Featured Garden Heart Healthy Heart Healthy Recipes Herbs and Spices Salads

Cilantro- Know Your Herbs and Spices

Cilantro Know Your Herbs and Spices

Cilantro is one of those herbs people feel passionate about; they either love or hate it. I use it occasionally, but honestly it is not on my must have list.

Cilantro, also called Chinese parsley and the leaves are actually fresh coriander. You find cilantro used mainly in Mexican, Asian and Caribbean cooking. This herb pairs well with acidic foods like tomatoes and lime and is the primary seasoning in salsas.
Cook with cilantro like any fresh herb and add it at the last minute to release its flavor. You can also use this herb chopped as a garnish like parsley for a stronger taste.
Because of its popularity, this herb is found year round in most groceries. Choose Cilantro that has bright green, firm leaves and no yellowing. Cilantro closely resembles flat leaf parsley, but has a distinctive odor.
If you don’t have access to it in your area, Cilantro is easy to grow in containers indoors.
Cilantro is high in antioxidants. It can also act as a diuretic so use it sparingly.

Here’s a simple salsa recipe that goes well with chicken or fish.

    Ingredients

  • 1/2 cup chopped tomatoes
  • 1/4 cup chopped red onion
  • 1/4 cup chopped peeled cucumber
  • 2 Tablespoons chopped cilantro
  • Juice of one lime
  • Salt and pepper to taste
  • 1 teaspoon minced jalapeño pepper, optional

Mix all ingredients together and refrigerate for at least 2 hours to blend the flavors before serving.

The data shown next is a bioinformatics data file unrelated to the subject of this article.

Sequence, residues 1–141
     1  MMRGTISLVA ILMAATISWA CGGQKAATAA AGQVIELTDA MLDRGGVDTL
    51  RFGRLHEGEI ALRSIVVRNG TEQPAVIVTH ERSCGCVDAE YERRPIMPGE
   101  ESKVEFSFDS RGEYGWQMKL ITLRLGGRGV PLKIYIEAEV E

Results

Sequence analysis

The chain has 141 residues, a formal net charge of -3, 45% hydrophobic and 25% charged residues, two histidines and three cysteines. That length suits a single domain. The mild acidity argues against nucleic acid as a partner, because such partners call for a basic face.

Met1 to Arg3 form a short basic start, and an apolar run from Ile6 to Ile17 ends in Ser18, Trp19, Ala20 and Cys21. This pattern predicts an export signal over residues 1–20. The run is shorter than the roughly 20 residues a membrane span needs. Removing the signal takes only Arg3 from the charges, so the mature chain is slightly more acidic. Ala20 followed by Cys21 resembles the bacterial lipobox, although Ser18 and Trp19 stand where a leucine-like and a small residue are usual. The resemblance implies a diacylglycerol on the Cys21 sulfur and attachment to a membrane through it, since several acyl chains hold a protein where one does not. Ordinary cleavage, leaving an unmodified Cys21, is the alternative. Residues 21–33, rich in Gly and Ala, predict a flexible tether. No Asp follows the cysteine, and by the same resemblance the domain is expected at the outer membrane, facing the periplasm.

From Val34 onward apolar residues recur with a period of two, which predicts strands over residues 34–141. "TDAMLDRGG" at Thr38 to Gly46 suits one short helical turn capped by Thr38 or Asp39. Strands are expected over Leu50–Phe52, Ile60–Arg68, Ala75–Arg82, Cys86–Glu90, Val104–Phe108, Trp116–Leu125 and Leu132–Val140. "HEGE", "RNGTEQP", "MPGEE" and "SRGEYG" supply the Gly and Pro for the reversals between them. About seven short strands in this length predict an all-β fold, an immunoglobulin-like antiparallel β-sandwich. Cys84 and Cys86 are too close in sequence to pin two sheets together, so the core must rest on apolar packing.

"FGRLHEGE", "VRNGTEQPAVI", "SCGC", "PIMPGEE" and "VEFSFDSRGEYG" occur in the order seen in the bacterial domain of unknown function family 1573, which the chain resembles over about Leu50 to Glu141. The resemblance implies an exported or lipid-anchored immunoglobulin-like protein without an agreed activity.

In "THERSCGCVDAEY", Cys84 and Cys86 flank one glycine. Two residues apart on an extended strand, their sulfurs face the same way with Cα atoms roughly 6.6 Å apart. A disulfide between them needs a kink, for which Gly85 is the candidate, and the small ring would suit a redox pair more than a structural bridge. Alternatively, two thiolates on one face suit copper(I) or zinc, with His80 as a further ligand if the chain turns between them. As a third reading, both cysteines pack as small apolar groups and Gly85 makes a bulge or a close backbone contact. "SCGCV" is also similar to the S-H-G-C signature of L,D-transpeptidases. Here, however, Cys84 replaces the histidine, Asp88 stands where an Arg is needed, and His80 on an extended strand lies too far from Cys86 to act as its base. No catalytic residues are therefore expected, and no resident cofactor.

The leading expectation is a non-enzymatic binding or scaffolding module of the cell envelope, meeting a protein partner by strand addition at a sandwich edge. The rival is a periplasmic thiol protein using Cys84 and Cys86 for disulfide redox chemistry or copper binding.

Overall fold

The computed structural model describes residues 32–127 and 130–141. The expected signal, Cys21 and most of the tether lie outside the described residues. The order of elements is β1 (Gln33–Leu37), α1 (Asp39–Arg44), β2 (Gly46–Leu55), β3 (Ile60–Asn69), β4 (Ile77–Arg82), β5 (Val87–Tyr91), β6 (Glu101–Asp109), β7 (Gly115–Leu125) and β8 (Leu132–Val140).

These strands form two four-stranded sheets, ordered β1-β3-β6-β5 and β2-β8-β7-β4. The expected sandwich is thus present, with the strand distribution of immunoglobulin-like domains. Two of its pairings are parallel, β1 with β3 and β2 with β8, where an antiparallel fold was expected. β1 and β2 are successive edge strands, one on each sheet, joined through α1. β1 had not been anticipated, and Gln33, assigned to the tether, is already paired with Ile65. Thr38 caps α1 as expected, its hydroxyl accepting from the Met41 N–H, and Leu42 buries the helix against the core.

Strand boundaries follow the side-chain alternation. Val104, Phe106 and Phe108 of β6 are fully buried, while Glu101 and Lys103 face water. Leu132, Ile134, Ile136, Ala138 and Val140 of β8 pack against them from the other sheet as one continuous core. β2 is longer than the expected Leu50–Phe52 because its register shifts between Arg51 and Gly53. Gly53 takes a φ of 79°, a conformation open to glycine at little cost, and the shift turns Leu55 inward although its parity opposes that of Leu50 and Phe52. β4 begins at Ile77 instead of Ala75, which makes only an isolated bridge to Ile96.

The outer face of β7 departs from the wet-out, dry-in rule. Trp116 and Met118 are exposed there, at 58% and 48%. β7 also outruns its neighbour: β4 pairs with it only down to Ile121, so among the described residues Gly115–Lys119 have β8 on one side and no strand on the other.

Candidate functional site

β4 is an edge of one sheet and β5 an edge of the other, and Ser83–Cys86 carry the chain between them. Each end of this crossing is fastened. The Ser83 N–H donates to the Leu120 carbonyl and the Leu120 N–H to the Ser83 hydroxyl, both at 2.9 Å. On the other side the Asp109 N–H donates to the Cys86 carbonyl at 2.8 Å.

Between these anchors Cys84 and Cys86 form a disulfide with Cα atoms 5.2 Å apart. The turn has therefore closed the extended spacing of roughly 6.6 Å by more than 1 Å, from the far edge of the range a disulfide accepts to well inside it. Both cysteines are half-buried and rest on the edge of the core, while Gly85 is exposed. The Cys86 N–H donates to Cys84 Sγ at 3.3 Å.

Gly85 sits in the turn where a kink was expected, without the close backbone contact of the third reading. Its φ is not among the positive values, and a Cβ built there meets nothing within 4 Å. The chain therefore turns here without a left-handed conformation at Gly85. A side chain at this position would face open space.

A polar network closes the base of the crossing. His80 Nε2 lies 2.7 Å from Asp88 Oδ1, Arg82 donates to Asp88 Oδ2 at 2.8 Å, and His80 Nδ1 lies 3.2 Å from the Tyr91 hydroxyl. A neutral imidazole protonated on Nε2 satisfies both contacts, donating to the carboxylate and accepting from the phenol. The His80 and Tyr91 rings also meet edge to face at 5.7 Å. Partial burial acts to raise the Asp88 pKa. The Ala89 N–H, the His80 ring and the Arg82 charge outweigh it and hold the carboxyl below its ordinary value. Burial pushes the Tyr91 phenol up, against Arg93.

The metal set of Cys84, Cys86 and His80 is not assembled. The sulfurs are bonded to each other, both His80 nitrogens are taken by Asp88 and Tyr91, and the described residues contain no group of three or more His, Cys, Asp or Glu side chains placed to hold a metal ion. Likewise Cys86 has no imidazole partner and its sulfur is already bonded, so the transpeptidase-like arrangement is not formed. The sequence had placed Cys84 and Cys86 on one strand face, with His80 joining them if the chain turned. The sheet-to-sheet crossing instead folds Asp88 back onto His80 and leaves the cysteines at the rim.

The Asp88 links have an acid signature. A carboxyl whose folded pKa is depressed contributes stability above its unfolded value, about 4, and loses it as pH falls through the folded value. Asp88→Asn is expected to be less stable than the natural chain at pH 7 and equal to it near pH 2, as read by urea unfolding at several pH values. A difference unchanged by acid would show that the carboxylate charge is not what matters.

Enhanced by Zemanta
Share on FacebookPin on PinterestTweet about this on TwitterShare on Google+Share on YummlyShare on StumbleUponShare on LinkedInPrint this pageEmail this to someone

About the author

Cindy's Recipes and Writings

As a professional cook, I love creating exciting new recipes on the job as well as at home. Assisting in teaching low-income families how to buy, store and prepare healthy food through Penn State’s alliance with Pennsylvania’s Supercupboard Program was very rewarding. During my 11 years with the Master Gardener program, I taught horticultural therapy to assisted living patients using healthful, fr
esh grown food as a focal point. . My hands-on programs and instruction helped hundreds of children and adults learn about where their food comes from and how important fresh food is for your body.
Currently I’m a cook at a college in Pennsylvania. We prepare everything we can from scratch, including our potato chips that tout the seasoning of the day!
Of course I write about food; it's in my blood!

Leave a Comment